Thursday, 15 November 2012

The Cancer Survivors Club Book Launch

It was an early start for me as I had been asked by Chris Geiger (author of the Cancer Survivors Club) to join him for a radio interview on BBC Radio Bristol’s morning show with Steve Le Fevre.
I met Chris as agreed at the studio on Whiteladies road and Chris who knew the site well led the way. As a regular listener to the show whilst commuting to and from work it was interesting to see how it was all done. We waited outside the main studio in a large office filled with banks of computers used by the reporting staff. Directly outside the studio sat Jemma Cooper who presents the weather updates on both the radio and local BBC news so we passed the time of day with her. Chris and Jemma knew each other and they talked about the various things they had going on.

 We were soon ushered into the studio. There was a main room with a large desk in the middle I guess where the producing staff sat and immediately to the left was a sound proofed room from which the show was being broadcast. We were briefed by the producer as to what would happen and that we needed to enter and leave the room as quietly as possible. Very quickly we were ushered in and waited quietly whilst the guest in front of us did the “Thought for the Day” slot.
 Then it was our turn. Steve sat at a large table with loads of radio equipment on and a microphone on an arm in the middle. We sat on the end of the table on two office chairs with desk mounted microphones. The interview was fairly brief but I believe we got our point across well discussing both my story with Psuedomyxoma and also the Cancer Survivors book.

You can hear the clip by clicking the link below and forwarding the slide bar to the 2hrs 20min position.

It was soon all over and job done. I briefly chatted with Chris and Jemma again before saying goodbye and agreeing to see each other later that night for the book launch at Foyles book shop.

The rest of the day was busy as we did the usual running around. I collected the girls from school and they quickly got changed before we all jumped into the car and headed into Bristol. The plan was to get the girls a dress each ready for the upcoming Christmas parties and then get some dinner before heading to the book launch.

 We met mum and Dad quite by chance on our way to the bookshop and were joined by a close family friend Kevin. We headed upstairs and at the rear of the room was an area lined with seats and already quite busy. I said hello to both Chris and Catherine who were greeting people on their way in and introduced them to the family. Catherine remarked that it was great to finally meet them as she had  read so much about them!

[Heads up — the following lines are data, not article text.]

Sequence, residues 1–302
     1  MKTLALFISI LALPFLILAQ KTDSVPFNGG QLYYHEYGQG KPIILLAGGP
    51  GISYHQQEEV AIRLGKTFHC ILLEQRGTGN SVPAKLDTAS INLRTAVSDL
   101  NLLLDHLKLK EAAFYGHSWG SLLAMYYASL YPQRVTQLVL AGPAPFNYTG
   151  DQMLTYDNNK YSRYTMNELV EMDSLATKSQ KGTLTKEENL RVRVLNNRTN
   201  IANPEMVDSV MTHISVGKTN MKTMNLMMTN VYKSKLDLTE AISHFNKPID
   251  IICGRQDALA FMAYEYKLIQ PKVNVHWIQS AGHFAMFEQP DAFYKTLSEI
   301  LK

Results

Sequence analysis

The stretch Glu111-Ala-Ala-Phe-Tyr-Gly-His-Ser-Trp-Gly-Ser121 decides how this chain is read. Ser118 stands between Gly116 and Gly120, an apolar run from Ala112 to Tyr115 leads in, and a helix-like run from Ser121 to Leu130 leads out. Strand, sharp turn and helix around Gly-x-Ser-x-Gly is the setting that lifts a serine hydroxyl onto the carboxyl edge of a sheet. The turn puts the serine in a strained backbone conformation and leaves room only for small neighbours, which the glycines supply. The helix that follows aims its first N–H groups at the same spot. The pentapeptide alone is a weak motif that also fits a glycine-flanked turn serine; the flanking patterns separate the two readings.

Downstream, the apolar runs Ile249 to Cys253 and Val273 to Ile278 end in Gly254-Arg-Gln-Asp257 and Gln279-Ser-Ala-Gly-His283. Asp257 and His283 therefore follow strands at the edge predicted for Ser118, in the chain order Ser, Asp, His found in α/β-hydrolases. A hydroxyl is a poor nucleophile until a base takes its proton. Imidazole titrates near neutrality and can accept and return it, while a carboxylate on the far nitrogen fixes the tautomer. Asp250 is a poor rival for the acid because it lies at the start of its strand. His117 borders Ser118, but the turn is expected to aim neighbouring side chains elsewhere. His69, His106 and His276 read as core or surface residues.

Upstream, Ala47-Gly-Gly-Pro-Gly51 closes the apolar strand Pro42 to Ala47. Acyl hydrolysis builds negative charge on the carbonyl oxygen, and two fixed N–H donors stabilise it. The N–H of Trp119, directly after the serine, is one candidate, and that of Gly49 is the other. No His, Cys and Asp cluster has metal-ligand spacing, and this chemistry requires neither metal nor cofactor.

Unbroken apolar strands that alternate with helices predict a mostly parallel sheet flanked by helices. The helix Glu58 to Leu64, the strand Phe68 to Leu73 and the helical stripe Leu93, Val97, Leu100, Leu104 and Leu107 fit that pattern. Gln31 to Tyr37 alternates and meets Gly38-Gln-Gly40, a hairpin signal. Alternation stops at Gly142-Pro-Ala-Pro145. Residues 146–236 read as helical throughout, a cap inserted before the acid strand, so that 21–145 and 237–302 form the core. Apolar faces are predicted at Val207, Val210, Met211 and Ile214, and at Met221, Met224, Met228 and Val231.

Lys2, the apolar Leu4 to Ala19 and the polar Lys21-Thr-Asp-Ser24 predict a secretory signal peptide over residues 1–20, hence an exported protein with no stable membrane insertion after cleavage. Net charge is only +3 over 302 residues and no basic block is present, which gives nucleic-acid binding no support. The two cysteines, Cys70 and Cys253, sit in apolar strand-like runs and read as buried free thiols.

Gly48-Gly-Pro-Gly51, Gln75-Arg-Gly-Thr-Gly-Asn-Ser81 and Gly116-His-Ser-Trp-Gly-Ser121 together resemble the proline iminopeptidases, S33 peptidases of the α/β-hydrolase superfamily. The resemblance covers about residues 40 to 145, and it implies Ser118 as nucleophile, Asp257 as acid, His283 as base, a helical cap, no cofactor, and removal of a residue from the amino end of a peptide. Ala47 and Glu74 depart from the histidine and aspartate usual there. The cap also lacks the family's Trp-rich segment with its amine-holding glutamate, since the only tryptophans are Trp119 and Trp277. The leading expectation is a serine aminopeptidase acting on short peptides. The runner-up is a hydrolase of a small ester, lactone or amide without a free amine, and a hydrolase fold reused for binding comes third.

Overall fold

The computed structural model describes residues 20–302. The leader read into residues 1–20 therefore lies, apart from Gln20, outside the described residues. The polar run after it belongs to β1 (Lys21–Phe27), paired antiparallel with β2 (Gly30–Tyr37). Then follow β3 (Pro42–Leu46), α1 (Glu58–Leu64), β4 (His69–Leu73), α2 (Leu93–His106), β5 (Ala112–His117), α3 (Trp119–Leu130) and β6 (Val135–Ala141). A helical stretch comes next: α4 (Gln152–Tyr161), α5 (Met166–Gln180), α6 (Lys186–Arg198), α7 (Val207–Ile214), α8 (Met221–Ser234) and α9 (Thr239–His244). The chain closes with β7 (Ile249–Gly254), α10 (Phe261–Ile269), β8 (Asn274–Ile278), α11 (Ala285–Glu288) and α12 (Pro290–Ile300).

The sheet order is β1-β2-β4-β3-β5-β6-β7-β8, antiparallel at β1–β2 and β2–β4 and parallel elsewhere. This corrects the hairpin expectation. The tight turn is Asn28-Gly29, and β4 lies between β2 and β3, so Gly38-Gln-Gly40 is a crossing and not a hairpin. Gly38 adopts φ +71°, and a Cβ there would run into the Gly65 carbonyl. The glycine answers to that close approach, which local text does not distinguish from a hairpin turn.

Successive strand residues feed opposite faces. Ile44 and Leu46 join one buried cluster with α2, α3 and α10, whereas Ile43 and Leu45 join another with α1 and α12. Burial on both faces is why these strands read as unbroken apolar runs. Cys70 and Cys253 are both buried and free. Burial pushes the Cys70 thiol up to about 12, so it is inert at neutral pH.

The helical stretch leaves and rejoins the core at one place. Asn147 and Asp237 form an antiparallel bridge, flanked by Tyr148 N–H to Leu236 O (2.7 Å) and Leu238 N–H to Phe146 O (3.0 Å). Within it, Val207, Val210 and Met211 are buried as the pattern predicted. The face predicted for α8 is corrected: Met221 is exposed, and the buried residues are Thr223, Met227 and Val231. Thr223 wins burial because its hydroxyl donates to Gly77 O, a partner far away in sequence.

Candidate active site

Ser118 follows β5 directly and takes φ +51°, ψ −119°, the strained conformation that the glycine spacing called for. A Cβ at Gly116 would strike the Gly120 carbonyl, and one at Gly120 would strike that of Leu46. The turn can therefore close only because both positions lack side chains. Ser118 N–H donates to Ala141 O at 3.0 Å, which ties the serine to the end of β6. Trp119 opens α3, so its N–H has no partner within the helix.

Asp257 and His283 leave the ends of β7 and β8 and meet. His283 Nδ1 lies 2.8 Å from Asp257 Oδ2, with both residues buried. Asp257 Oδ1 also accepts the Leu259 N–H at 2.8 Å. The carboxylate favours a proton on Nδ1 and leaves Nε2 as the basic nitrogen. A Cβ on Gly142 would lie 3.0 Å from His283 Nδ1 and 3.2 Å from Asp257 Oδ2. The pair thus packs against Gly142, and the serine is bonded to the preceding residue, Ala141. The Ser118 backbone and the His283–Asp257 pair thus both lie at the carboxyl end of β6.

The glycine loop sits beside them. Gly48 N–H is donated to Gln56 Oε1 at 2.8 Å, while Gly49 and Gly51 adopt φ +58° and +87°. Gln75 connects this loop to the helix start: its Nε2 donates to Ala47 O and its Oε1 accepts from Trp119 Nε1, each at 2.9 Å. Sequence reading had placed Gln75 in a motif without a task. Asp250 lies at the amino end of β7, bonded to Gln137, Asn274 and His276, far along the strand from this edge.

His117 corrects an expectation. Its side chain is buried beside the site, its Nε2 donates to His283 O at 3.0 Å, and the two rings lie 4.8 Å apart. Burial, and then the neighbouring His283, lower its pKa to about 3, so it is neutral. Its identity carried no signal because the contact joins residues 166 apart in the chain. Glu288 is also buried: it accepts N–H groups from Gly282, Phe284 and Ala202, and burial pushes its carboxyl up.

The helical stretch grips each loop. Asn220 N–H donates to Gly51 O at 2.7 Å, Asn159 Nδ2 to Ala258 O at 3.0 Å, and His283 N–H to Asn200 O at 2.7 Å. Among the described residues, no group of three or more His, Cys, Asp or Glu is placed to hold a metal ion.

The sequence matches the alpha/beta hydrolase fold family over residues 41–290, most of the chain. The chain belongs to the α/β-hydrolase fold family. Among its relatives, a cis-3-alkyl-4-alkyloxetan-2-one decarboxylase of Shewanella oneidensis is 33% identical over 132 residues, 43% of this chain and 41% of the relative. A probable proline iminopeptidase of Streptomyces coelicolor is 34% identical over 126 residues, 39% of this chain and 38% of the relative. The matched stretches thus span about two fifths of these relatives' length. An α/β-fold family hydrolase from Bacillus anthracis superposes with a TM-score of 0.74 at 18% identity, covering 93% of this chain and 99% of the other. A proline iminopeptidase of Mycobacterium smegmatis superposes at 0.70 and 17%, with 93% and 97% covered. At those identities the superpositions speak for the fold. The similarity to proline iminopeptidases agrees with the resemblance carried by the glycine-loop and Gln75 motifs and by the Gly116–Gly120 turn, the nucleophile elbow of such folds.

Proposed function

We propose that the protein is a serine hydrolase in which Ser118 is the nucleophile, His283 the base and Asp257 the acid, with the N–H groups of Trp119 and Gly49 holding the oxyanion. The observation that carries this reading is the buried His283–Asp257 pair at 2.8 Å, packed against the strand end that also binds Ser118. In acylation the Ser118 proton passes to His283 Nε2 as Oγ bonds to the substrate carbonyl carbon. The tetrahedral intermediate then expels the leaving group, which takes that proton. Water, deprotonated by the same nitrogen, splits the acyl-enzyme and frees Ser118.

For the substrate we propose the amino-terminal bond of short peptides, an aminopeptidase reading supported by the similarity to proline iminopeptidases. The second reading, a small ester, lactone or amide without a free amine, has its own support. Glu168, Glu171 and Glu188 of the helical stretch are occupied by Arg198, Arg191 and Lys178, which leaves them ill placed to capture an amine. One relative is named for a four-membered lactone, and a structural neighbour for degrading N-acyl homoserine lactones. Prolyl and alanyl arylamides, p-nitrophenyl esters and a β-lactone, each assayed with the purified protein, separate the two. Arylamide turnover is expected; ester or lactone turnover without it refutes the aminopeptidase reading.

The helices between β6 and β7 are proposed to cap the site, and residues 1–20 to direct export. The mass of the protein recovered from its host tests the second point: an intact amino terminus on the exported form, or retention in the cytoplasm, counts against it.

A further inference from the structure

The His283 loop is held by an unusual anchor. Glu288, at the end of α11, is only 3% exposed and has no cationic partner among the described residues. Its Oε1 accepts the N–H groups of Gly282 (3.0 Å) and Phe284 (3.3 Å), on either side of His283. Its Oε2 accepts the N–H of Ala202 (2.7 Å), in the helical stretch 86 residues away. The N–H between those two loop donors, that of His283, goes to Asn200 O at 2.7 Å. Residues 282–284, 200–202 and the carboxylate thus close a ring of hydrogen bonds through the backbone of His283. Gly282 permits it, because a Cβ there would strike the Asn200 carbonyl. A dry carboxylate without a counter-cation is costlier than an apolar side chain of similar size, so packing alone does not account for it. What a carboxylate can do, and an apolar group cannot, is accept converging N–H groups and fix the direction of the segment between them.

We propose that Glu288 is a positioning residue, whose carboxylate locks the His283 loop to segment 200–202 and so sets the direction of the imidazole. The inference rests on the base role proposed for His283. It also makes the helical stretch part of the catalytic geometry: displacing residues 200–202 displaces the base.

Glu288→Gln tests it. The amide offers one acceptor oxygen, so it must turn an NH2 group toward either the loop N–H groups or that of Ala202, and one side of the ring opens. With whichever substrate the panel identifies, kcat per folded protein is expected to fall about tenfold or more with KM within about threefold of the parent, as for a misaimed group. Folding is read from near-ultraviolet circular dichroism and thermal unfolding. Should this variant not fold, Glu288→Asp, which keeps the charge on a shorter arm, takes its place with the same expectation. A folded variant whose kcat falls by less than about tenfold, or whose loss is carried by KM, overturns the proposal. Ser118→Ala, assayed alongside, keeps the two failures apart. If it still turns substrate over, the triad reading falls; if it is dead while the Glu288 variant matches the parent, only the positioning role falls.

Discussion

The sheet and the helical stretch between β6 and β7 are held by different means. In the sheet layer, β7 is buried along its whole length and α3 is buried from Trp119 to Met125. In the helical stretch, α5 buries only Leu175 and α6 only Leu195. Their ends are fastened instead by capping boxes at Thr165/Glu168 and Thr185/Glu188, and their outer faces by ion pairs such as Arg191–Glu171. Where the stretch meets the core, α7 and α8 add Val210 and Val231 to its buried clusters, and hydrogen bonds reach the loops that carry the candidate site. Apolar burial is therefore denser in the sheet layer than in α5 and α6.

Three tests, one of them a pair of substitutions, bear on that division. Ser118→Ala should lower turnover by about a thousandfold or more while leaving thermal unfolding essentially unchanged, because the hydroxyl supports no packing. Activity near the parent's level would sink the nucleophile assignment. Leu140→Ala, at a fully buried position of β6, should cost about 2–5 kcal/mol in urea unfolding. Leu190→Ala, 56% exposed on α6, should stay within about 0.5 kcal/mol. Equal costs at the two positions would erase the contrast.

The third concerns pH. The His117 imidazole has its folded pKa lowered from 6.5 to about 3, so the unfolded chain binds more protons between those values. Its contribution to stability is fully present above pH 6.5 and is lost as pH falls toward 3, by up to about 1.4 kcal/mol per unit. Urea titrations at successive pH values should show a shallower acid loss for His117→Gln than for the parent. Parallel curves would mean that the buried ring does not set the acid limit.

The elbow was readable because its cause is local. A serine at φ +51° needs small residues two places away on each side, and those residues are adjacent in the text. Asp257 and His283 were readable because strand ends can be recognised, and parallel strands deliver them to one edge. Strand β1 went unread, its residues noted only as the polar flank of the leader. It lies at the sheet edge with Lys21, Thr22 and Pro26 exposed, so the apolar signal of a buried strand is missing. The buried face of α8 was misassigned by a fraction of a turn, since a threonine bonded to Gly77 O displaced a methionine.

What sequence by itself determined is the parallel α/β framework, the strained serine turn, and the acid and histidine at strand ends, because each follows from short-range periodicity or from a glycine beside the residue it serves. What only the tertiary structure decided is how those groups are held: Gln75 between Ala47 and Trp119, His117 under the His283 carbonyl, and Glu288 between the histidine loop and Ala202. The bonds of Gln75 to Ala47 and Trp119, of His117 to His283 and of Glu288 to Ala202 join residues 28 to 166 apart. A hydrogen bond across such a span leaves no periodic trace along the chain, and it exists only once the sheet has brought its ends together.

Everyone was soon seated and Chris took to the stage to talk about the book. In total there were nine of the twenty three people featured in the book at the launch as they all lived in the Bristol area. It was clear from Chris’s speech that he was very passionate about the book and his cause; trying to help people and give them hope by gathering and producing the inspirational stories inside. His speech was touching, reducing some listeners to tears, inspirational and funny and he really got his message across well. Its Chris’s dream that he can help others by sharing inspirational stories and that this is just the start of something bigger and that the “ambassadors” featured in the book as he calls us can help him create a butterfly effect that start as a small beating of our wings to create a big positive effect elsewhere in the world.

The Cancer Survivors Club Book.

Chris Geiger and nine of the Cancer Survivors Club Ambassadors.

Chris presenting me with my copy of The Cancer Survivors Club book.

 He presented each of the nine ambassadors with a signed copy of the book marked with an inscription and numbered with our membership number to the Cancer Survivors Club. I’m number 17, hopefully many more will join us in the years that follow.

 The proceeds from the book are donated to cancer charities across the country to help them help people like me. The book is truly inspirational with amazing stories which are sometimes sad but also with their comedy moments and is a great read. They would make the perfect Christmas gift for someone, so go on, buy one, be inspired and help raise funds for cancer charities.